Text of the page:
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18 trappers sought for Hebrides to protect birds from hedgehogs

Scottish Natural Heritage is recruiting 18 new trappers to help in the continuing drive against hedgehogs on the islands of North Uist and Benbecula.

Scottish Natural Heritage is recruiting 18 new trappers to help in the continuing drive against hedgehogs on the islands of North Uist and Benbecula.

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The workers, who will be employed for 11 weeks, will be trying to capture the hedgehogs to help protect breeding waders and allow them to successfully raise their clutches of eggs.

However, they will no longer be dispatching their hedgehogs with legal injections. In 2007, SNH suspended its cull of the animals that had caused international outrage. Instead, the animals are now relocated to the mainland.

Eradication started in 2003 and 690 hedgehogs were killed in SNH's attempts to combat the devastating effect they were having on lapwings, snipe and redshank. But, in addition, more than 1000 have been relocated to date, including those caught by volunteers trying to save them from SNH's syringes.

Outlining the progress made by SNH's Uist Wader Project to date, a spokesman said: "The work first started in 2003 with four searchers using high-powered spot lamps to locate hedgehogs in North Uist. Five years later, the work now covers the original search areas on North Uist and all of Benbecula.

"The search methods now predominantly involve setting live traps with spot lamping restricted to certain areas away from habitation. The use of technology is a key aspect of the work with all field workers using GPS units and collected data recorded in a database to include trap positions and any animals caught in the trap.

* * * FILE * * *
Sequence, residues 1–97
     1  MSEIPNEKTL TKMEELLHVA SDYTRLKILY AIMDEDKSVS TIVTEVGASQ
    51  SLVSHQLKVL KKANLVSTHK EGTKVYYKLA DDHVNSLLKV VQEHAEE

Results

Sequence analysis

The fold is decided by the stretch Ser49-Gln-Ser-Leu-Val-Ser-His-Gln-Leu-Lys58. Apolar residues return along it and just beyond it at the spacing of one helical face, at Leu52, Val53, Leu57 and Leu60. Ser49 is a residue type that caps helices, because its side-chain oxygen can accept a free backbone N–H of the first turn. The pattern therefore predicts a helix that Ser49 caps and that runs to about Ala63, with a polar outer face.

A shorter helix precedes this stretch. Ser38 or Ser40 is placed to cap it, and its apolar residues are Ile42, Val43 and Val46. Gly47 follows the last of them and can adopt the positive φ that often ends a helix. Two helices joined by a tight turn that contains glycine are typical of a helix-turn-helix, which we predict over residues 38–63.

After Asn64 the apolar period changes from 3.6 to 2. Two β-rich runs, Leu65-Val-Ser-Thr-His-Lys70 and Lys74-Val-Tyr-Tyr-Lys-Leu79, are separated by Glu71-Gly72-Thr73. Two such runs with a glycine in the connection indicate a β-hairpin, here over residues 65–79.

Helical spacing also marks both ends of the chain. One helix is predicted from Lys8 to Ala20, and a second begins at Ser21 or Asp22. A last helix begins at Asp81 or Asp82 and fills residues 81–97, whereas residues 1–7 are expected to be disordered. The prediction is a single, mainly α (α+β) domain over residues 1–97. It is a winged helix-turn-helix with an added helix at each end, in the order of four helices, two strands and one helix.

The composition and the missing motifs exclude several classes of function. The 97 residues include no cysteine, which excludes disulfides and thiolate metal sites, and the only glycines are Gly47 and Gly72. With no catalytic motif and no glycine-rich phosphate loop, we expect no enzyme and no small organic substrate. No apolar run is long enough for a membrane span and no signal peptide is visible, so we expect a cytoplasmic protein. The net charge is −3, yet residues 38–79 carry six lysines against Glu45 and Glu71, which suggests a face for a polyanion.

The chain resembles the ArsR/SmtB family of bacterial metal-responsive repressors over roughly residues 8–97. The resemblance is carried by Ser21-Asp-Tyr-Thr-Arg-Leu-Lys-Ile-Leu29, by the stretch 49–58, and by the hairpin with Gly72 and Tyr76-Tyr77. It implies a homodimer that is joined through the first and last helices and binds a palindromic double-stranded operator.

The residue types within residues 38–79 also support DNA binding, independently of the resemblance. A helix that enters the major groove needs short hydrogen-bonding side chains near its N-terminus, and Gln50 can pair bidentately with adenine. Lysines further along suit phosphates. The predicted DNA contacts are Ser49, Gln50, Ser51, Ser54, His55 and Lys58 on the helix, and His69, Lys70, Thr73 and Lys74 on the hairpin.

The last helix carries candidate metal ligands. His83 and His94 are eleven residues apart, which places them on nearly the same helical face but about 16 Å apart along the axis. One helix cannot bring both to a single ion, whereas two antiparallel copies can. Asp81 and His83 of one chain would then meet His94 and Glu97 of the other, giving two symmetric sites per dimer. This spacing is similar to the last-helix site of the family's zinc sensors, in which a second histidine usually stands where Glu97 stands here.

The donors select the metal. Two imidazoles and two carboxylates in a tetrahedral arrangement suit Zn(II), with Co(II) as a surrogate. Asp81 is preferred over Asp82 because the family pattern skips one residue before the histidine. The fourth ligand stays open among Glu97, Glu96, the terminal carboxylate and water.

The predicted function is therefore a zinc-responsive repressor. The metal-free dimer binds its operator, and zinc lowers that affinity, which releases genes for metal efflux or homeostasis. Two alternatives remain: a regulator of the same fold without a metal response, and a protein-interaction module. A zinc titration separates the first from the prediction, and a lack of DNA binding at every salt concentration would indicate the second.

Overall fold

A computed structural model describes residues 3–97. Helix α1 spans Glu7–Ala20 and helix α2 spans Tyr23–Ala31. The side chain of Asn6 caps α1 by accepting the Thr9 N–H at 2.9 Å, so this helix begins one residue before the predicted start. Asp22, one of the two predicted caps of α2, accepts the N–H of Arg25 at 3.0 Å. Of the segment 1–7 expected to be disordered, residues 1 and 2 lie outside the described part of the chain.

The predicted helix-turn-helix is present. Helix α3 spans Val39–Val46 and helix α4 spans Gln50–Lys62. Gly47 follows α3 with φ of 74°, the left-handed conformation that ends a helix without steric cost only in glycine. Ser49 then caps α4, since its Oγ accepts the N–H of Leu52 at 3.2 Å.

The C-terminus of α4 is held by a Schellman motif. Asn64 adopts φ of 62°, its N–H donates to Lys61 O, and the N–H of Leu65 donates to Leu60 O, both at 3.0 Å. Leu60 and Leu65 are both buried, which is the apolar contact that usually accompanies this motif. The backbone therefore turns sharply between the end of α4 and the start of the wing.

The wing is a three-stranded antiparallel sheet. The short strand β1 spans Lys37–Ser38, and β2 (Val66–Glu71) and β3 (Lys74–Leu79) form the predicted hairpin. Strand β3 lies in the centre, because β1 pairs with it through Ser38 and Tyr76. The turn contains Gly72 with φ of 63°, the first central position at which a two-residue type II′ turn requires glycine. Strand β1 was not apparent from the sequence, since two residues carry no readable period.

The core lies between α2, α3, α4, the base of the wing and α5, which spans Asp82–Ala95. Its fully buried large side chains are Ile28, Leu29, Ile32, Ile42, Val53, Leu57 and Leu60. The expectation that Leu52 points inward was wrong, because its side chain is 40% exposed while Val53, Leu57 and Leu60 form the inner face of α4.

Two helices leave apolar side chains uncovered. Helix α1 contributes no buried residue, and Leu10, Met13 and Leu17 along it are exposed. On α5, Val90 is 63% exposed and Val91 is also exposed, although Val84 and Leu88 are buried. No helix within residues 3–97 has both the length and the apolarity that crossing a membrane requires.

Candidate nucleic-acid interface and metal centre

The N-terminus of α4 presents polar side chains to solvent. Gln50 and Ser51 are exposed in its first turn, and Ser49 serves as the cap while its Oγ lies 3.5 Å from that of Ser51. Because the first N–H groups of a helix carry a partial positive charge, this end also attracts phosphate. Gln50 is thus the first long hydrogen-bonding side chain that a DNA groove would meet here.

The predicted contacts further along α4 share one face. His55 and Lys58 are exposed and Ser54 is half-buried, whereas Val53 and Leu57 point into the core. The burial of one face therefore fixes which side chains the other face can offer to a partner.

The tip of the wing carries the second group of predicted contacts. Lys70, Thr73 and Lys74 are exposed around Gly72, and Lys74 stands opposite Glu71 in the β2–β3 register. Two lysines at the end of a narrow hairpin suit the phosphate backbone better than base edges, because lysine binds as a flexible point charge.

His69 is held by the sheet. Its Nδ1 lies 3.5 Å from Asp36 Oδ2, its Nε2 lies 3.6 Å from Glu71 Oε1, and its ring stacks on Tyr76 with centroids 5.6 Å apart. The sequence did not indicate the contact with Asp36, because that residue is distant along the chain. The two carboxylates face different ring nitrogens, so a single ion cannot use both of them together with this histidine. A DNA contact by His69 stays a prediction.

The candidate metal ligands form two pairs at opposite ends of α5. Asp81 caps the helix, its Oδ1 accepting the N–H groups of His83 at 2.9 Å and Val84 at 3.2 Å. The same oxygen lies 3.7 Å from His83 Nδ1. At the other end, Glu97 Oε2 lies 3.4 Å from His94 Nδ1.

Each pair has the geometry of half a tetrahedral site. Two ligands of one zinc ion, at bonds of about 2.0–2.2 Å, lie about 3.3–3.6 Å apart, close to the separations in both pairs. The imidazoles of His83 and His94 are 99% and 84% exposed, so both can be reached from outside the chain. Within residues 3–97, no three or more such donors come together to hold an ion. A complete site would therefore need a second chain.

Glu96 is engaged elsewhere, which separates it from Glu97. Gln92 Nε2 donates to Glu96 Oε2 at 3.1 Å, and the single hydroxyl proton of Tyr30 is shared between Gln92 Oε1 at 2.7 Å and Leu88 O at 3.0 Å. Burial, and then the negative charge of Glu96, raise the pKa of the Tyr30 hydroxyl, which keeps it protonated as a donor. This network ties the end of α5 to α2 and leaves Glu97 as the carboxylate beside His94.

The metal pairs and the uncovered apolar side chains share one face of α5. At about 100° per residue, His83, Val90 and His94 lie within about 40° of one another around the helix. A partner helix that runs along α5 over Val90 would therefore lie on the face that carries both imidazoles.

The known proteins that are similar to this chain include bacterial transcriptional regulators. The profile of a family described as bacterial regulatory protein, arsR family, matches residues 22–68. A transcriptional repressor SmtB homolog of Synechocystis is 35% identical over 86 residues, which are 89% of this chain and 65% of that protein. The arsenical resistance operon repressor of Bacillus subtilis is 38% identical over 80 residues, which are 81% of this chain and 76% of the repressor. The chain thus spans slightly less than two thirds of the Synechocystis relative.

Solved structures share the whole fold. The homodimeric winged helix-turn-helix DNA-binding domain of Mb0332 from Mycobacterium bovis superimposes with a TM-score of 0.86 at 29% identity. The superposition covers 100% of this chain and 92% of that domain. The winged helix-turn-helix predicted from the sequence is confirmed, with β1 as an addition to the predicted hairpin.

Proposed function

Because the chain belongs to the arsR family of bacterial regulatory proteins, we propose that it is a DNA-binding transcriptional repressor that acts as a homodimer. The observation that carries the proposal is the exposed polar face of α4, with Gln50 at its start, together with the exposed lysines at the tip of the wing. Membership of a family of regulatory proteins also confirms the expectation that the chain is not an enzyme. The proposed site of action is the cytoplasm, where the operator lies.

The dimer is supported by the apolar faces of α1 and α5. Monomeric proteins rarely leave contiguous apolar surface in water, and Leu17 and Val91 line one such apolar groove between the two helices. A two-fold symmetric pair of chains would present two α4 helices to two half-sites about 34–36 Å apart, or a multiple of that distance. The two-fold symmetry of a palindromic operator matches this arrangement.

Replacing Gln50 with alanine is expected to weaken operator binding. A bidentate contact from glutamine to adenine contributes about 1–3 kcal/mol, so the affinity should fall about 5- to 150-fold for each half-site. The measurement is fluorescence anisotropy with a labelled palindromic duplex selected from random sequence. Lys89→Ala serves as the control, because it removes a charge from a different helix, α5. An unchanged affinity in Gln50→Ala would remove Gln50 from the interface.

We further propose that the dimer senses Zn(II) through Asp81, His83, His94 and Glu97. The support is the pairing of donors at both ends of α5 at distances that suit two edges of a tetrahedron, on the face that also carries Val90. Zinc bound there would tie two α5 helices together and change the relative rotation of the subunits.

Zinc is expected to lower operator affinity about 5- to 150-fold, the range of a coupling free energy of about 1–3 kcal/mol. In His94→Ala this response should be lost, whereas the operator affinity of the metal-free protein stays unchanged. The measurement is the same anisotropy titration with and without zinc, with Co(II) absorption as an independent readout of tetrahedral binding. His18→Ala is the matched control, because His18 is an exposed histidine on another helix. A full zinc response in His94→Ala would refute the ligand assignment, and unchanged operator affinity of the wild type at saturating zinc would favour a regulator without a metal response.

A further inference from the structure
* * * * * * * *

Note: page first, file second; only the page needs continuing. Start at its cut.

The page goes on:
"This database, along with a custom-built population model, is used to help to interpret the data and plan the field work operations as efficiently and effectively as possible."

He added: "The project is grateful to the crofters of Uist who have allowed access to their land and provide much-appreciated hospitality to the fieldworkers. In previous years we have seen people come from all over the world to help the project - Canada, New Zealand, Germany, South Africa, America, and Wales, Ireland, England, Scotland and, of course, Uist itself. The ones who do not live here all leave with fond memories of the islands and often return."

According to SNH, the new staff will need to be in good shape in order to cover the rough terrain. In a typical day they will walk more than 10 miles in conditions that can range from hail storms to beating sun. They will be paid £7.50 or £8.50 an hour depending on seniority, and there will be other benefits.

"The successful applicants will be rewarded by some of Europe's finest scenery and species compete with flowering machair, lapwing and oystercatcher, while they cross bogs and moorland and perhaps catch a glimpse of short-eared owls and red deer," a spokesman said.

Sarah Prall first worked on the project in 2007 as a field worker and then as a senior field worker in 2008. She said: "It is great work to be doing in the spring on Uist as it gets you out and about in the countryside and you can meet lots of people. It's physically demanding but really rewarding."

Hedgehogs were introduced to South Uist in the 1970s by a homeowner seeking to control garden pests. There are now estimated to be over 5000 on South Uist, Benbecula and North Uist. When the latter two of the islands are cleared, the project will focus on South Uist where most are located. Some £210,000 will be spent in this financial year and the same amount in the next one.

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